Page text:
Between five and six months the fetus’ hearing functions are complete and, because sound is amplified by the amniotic fluid, any music played nearby will be easily heard by the baby. When music is played, research has shown the baby to react with movement of his or her arms and legs, a kind of in utero dance. Other studies have shown the fetus to enjoy music that mimics the mother’s heart rate (about 60 beats per minute), usually classics, like Mozart and Vivaldi – something to keep in mind during the massage session.

During the later months of pregnancy, when you can actually see and feel the movement of arms and legs, if the abdomen is touched and rubbed, the baby will feel it and respond.

Bonding with Massage

Another benefit of massage is that it helps both mother and father bond with the unborn child. As a massage therapist, you can instruct the parents in proper prenatal and infant massage. It not only helps in bonding with the baby, but also helps the parents feel more connected to each other during this special time.

At about twenty weeks, halfway through the pregnancy, the mother will usually start to feel some movement, referred to as “quickening.” It is a subtle feeling, just a kind of flutter. But, at twenty-six weeks, the baby will become very active, pushing his or her hands against the mother’s belly, stretching and flexing muscles while still having some room to move around in. Now is the time the parents can start to actually touch and play with the baby through abdominal massage. The baby will recognize individual voices and can distinguish between light and dark outside the womb.


Whether she is a long-term client or new to your practice, always do a new, specialized intake on a pregnant woman coming in for massage. You need to know how far along she is, if the pregnancy is high risk, the name of her obstetrician and if she is cleared for receiving massage.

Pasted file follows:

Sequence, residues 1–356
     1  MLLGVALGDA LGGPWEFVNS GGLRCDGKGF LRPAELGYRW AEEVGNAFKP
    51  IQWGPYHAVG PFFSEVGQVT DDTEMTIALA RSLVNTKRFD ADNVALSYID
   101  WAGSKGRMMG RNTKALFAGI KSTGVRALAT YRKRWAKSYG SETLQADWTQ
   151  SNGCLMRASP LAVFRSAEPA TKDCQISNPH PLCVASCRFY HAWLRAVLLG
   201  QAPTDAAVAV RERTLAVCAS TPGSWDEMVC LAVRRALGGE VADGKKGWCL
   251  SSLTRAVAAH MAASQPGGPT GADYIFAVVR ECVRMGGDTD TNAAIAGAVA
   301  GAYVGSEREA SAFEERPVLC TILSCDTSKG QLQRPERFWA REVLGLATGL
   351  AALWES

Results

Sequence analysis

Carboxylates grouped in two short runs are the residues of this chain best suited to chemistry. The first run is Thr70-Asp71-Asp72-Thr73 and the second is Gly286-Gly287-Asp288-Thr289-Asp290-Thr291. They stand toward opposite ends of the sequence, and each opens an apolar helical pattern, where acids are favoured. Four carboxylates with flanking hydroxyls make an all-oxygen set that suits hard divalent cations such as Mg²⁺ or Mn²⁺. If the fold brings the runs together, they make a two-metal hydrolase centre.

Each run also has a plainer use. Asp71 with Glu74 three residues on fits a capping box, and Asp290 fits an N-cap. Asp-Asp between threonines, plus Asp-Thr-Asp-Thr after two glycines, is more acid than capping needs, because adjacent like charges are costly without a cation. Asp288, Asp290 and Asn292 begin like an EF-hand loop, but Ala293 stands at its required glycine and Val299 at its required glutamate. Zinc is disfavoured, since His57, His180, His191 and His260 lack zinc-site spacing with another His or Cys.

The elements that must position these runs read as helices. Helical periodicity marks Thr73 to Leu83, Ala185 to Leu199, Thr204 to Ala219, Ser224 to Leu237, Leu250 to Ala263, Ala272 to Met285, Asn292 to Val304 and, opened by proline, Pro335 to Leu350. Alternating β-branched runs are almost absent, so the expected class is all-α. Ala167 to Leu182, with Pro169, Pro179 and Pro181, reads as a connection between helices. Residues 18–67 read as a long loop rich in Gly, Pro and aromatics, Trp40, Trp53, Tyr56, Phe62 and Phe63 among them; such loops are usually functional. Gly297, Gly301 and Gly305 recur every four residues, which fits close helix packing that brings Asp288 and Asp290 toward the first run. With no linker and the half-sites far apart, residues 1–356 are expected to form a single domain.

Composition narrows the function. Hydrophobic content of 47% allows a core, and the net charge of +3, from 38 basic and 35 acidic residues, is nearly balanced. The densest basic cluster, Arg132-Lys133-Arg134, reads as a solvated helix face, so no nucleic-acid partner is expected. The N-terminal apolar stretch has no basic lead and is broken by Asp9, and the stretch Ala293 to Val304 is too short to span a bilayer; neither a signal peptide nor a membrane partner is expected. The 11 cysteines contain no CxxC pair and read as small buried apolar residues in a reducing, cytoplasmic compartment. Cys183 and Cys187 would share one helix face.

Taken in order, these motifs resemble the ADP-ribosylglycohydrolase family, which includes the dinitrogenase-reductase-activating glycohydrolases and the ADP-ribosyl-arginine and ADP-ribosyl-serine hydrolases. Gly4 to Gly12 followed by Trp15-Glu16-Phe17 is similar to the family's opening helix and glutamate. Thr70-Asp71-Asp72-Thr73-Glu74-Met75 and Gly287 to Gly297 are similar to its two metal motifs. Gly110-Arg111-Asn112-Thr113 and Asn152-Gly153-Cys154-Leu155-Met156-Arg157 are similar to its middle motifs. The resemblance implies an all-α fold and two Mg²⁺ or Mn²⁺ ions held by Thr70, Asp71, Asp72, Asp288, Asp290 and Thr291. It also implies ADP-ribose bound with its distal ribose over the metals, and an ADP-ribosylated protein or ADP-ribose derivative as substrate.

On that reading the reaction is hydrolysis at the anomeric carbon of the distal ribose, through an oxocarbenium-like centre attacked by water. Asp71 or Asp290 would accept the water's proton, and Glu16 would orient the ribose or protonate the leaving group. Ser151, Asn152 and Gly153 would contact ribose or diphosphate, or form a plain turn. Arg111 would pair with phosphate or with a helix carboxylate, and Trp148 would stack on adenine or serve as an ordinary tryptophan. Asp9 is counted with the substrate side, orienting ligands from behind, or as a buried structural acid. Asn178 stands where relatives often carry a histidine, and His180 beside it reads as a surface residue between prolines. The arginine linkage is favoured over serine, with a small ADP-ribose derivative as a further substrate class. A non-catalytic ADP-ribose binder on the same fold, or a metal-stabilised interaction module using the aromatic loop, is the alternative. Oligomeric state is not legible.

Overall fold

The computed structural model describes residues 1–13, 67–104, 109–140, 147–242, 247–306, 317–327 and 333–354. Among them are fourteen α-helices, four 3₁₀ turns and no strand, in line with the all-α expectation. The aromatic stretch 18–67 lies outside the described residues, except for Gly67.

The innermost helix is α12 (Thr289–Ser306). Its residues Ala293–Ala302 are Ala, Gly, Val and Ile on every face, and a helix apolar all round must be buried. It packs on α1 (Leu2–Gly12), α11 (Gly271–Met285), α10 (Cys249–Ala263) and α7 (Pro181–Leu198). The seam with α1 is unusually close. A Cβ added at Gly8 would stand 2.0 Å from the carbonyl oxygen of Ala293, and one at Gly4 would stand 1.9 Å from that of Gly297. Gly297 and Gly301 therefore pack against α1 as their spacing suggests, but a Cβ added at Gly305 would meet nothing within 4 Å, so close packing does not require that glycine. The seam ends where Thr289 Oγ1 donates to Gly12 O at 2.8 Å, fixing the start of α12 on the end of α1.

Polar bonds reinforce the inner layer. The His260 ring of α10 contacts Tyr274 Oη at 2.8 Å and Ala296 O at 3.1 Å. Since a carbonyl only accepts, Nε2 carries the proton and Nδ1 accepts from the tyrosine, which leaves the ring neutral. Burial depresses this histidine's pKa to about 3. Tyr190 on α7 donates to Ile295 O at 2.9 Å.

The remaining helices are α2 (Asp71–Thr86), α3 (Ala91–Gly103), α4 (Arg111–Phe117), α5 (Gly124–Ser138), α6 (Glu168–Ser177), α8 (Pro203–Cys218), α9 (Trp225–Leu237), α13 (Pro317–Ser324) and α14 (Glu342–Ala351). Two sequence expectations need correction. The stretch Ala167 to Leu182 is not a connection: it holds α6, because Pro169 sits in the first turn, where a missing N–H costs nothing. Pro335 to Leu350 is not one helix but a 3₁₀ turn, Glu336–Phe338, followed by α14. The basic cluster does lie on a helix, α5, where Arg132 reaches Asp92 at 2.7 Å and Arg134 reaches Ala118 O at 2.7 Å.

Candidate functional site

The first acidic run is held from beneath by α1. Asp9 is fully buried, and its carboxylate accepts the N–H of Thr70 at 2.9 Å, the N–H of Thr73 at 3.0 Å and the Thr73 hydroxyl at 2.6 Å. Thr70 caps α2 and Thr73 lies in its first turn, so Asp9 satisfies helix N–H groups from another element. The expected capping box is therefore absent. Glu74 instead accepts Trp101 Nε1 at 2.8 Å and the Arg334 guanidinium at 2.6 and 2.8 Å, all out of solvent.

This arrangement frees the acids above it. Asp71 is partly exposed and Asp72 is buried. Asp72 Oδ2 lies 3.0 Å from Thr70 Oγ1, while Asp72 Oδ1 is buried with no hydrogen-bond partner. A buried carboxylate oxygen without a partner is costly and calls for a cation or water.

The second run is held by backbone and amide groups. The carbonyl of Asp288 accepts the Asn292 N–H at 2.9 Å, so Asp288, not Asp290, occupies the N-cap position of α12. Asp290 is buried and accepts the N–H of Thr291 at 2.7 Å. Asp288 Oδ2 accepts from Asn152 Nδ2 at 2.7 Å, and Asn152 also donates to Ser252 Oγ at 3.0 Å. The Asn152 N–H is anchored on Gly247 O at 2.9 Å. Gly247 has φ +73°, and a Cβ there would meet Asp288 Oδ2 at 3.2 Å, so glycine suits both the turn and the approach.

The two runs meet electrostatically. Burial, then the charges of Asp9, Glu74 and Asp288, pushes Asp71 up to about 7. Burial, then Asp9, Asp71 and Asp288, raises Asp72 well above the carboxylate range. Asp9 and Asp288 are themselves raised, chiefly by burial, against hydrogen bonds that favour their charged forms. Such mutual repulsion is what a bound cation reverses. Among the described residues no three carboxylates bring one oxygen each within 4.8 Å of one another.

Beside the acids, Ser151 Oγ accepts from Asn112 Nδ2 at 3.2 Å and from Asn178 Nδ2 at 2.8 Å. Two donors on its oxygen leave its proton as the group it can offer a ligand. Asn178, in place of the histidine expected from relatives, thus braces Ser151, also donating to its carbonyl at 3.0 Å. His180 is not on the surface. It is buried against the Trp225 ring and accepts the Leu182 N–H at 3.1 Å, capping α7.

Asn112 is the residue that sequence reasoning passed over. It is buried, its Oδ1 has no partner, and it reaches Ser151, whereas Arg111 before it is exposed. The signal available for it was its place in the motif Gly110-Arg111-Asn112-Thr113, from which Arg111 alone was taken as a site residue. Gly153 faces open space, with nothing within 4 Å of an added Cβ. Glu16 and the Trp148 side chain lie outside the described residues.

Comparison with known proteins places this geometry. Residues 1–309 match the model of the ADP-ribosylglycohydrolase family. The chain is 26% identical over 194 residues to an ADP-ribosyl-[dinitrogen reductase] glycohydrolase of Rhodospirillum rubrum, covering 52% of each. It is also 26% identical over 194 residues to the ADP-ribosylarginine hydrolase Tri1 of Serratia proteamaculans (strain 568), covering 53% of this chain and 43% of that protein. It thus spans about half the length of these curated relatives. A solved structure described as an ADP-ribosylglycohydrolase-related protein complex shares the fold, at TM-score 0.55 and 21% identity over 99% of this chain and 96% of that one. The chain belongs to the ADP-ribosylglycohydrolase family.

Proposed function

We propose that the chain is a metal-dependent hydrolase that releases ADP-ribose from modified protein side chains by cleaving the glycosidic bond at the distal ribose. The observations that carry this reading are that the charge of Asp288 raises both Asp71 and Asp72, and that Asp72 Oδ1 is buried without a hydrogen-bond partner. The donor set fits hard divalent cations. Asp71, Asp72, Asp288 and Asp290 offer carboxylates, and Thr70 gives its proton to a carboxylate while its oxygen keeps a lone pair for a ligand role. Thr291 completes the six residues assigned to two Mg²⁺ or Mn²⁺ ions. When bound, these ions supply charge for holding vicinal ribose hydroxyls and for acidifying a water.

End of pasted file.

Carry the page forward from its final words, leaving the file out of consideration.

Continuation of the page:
Most textbooks advise against giving a massage to a woman who is in the first trimester of pregnancy. This is the time most vulnerable to miscarriage. This is somewhat controversial and will depend on your level of expertise and training. Today’s tests can reveal pregnancy quite early, but in the not too distant past it was not uncommon to be two or three months along and not know it.

A pregnancy may be considered high-risk for many reasons. It could be simply because of a woman’s age (over 35 or under 17), a physical condition (such as being extremely underweight or overweight, a high or low blood pressure condition or ectopic pregnancy), illness (such as diabetes, epilepsy, HIV or hepatitis), medications (like antidepressants, anticonvulsants or even certain pain relievers like aspirin, which can increase the likelihood of bleeding), or a history of miscarriages.

During a massage the pregnant woman should lay on her side bolstered with pillows or blankets for comfort and safety. Massage can also be administered in a seated position. She should never lay supine on the massage table, as it places undue pressure on inferior vena cava and cause what is known as “supine hypotensive syndrome,” which dangerously inhibits the flow of blood and oxygen to the fetus and reduces the flow of blood to the mother’s extremities.

Overall, massage during pregnancy has many benefits for both mother and child. This can be seen when, after several months of massage, the birth commences with the mother having fewer labor complications and the baby having fewer postnatal complications.

Recommended Study:

Aromatherapy: Mother and Baby
Pre- and Perinatal Massage
Teaching Prenatal Partner Massage

More Information:

Pregnancy: Massage Benefits and Precautions